Dental Tribune India

3D printing in dentistry: Revolution in progress

By Dr George Freedman, Canada
October 05, 2021

3D dental printing today is reminiscent of cosmetic dentistry in the early 1980s: the needs are many, the technologies are numerous, the applications almost unlimited and the potential open-ended. Just as cosmetic materials and techniques brought aesthetic restorative dentistry into the hands of every practitioner, 3D printing promises to bring the functional and artistic control of the restorative process into the chairside setting.

Stereolithography, first developed in the 1980s, was soon followed by additive manufacturing, the deposition of material in increments. Dental applications are more recent. 3D printing has been utilised for rapid prototyping and modelling for more than a decade. The size and cost of the earlier printers meant that they were limited to larger laboratories.

The digital transformation of dentistry, including CBCT, intra-oral and extra-oral scanning, milling of ceramic and composite materials, and robotic implant placement, is firmly established. Linking with these advances, the most recent desktop printers have a much smaller footprint, are easily affordable for the single practitioner, communicate with existing software platforms and offer high levels of precision with a wide range of materials.

Current 3D printers are fully capable of managing the great demand for temporary, transitional, and permanent restorations and appliances and of achieving the clinical excellence required by the dental profession. Consequently, there has been a growing acceptance of this transformative technology. Increasingly, 3D printing is viewed as an industry game-changer and a forecast of the future direction of the dental practice.

3D-printing techniques include stereolithography, fused deposition modelling, selective laser sintering, powder binder printing, photopolymer jetting, electron beam melting and direct light processing. These currently unfamiliar names will soon become standard dental terminology.

The documented, wide-ranging 3D printing applications can be grouped by treatment category:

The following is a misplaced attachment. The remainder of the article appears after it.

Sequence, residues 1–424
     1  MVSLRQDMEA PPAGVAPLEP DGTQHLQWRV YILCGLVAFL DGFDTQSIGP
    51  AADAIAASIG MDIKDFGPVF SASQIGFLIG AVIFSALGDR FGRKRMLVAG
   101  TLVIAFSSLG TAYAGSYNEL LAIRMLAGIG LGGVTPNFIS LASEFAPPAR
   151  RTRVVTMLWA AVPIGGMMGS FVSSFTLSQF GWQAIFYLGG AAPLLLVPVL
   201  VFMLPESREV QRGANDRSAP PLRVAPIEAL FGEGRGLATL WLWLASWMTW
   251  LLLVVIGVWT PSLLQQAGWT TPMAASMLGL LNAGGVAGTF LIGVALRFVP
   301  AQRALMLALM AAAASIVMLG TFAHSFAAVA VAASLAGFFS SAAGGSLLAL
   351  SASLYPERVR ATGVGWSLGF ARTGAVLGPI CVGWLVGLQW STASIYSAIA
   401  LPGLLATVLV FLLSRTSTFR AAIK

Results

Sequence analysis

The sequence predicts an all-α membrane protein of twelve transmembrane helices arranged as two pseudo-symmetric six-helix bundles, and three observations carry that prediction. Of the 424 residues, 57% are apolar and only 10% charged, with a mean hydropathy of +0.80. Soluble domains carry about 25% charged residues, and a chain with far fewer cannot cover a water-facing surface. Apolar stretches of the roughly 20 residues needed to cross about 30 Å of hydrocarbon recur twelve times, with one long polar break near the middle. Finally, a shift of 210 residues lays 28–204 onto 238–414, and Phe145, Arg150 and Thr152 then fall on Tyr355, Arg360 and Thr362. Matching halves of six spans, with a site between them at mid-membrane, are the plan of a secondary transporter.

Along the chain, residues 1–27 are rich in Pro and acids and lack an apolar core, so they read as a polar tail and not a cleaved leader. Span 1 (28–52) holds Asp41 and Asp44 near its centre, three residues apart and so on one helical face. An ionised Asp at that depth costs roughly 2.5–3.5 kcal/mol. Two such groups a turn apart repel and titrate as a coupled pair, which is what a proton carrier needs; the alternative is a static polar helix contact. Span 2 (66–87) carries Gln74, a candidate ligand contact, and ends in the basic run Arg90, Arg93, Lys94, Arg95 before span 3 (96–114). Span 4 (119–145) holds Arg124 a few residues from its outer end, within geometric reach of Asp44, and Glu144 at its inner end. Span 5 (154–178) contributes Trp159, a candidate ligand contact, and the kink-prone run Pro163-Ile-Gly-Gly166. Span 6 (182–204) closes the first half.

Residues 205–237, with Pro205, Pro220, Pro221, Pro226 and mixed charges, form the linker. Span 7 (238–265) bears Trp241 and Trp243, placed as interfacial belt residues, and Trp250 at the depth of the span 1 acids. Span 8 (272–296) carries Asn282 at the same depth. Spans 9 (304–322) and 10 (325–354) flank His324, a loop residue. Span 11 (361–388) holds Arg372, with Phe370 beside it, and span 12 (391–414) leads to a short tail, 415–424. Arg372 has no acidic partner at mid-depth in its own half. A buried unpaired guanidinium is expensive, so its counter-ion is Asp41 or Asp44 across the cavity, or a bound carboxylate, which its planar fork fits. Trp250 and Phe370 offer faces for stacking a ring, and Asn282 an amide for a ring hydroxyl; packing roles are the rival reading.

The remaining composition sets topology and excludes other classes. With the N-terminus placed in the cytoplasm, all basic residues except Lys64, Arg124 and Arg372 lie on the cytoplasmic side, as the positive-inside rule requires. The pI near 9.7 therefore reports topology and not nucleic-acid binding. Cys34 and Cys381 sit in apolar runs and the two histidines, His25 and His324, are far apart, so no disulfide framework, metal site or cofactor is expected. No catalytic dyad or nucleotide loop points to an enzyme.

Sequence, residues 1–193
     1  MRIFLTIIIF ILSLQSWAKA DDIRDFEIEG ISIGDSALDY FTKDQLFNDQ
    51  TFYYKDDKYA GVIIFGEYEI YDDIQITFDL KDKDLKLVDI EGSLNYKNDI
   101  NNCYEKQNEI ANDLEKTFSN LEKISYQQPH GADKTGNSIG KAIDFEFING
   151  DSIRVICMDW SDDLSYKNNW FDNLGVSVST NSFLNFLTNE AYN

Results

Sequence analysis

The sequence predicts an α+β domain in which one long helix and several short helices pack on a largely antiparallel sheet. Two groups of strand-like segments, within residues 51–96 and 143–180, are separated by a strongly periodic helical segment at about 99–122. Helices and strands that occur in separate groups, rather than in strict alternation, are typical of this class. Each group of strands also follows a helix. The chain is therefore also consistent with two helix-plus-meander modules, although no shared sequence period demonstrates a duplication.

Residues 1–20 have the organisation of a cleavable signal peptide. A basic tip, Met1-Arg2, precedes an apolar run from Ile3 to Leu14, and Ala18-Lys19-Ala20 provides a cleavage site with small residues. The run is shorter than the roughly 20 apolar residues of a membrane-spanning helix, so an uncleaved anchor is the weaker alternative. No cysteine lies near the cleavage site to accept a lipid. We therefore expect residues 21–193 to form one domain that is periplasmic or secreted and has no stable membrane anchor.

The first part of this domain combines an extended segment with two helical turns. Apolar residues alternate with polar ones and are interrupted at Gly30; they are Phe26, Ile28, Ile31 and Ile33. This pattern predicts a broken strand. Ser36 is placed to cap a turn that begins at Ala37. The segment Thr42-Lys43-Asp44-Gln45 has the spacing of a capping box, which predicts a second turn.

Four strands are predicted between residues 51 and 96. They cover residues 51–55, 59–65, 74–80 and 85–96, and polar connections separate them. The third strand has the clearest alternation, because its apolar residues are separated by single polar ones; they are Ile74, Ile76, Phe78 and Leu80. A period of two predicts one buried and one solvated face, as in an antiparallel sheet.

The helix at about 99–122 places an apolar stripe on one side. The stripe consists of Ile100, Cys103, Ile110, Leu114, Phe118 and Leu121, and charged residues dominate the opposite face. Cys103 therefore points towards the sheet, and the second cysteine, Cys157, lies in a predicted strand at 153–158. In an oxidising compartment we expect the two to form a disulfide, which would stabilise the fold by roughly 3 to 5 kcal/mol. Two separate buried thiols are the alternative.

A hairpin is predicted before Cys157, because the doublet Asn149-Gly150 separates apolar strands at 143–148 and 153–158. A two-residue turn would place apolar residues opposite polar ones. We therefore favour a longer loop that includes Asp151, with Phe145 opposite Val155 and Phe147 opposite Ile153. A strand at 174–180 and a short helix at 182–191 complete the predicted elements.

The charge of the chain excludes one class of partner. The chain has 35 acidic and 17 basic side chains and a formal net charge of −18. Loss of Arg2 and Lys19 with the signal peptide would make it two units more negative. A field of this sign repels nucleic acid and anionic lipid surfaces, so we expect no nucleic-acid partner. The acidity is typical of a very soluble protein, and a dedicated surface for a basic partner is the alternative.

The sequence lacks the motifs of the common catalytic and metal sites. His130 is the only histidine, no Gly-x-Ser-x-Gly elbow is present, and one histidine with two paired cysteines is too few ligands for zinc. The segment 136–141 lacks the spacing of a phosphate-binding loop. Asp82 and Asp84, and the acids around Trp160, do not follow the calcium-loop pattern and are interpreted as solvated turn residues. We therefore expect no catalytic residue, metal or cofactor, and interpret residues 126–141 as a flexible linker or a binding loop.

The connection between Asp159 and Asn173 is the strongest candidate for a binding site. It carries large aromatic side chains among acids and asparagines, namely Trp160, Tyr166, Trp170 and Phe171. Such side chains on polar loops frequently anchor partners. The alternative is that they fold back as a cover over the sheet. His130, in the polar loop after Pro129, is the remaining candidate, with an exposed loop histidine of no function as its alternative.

• Fixed prosthodontics: Permanent and provisional indirect restorations (crowns, onlays, inlays, bridges) and permanent monobloc direct restorations can all be custom-fabricated chairside within minutes of scanning the preparation.
  • Removable prosthodontics: Both complete and partial dentures, including digital occlusal design, are deliverable within hours.
  • Implant dentistry: 3D printing of surgical guides has facilitated ideal implant positioning. Biomimetic custom 3D-printed bone implants replace missing segments, minimising stress transfer to the remaining bone.
  • Orthodontics: Aligners, designed using CBCT data and artificial intelligence extrapolation of tooth movement over time, are 3D-printed.
  • Endodontics: The pioneering 3D-printed endodontic access guide, utilising CBCT data, translates pre-surgical planning into clinical success.
  • Maxillofacial surgery: Custom-designed bone grafts and fixation plates expedite both the surgical procedure and the healing process.
  • Periodontics: 3D-printed guides that relieve and retract gingival margins offer aesthetic gingival correction. Soft-tissue printing is currently in the research phase.

3D-printing techniques and procedures are high-quality, high precision and accurate and significantly lower in cost than conventional treatment options. Dentists save money: many desktop printers cost between US$3,000 and US$10,000, and dental 3D-printing materials cost pennies per tooth. Patients save money, by the elimination of intermediate procedures and transportation costs. Treatment is faster, typically same-day services.

Launch of first dental 3D printing magazine

I have the pleasure of introducing Dental Tribune International’s (DTI) new 3D printing―international magazine of dental printing technology, which aims to be one of the primary sources of information about the use of additive technology in dentistry. This is the first publication in DTI’s portfolio to focus on 3D printing. It is also the first magazine in the dental industry to deal exclusively with this topic. The first issue of 3D printing will appear at the end of November 2021.

Welcome to 3D printing! Welcome to the future of dentistry.

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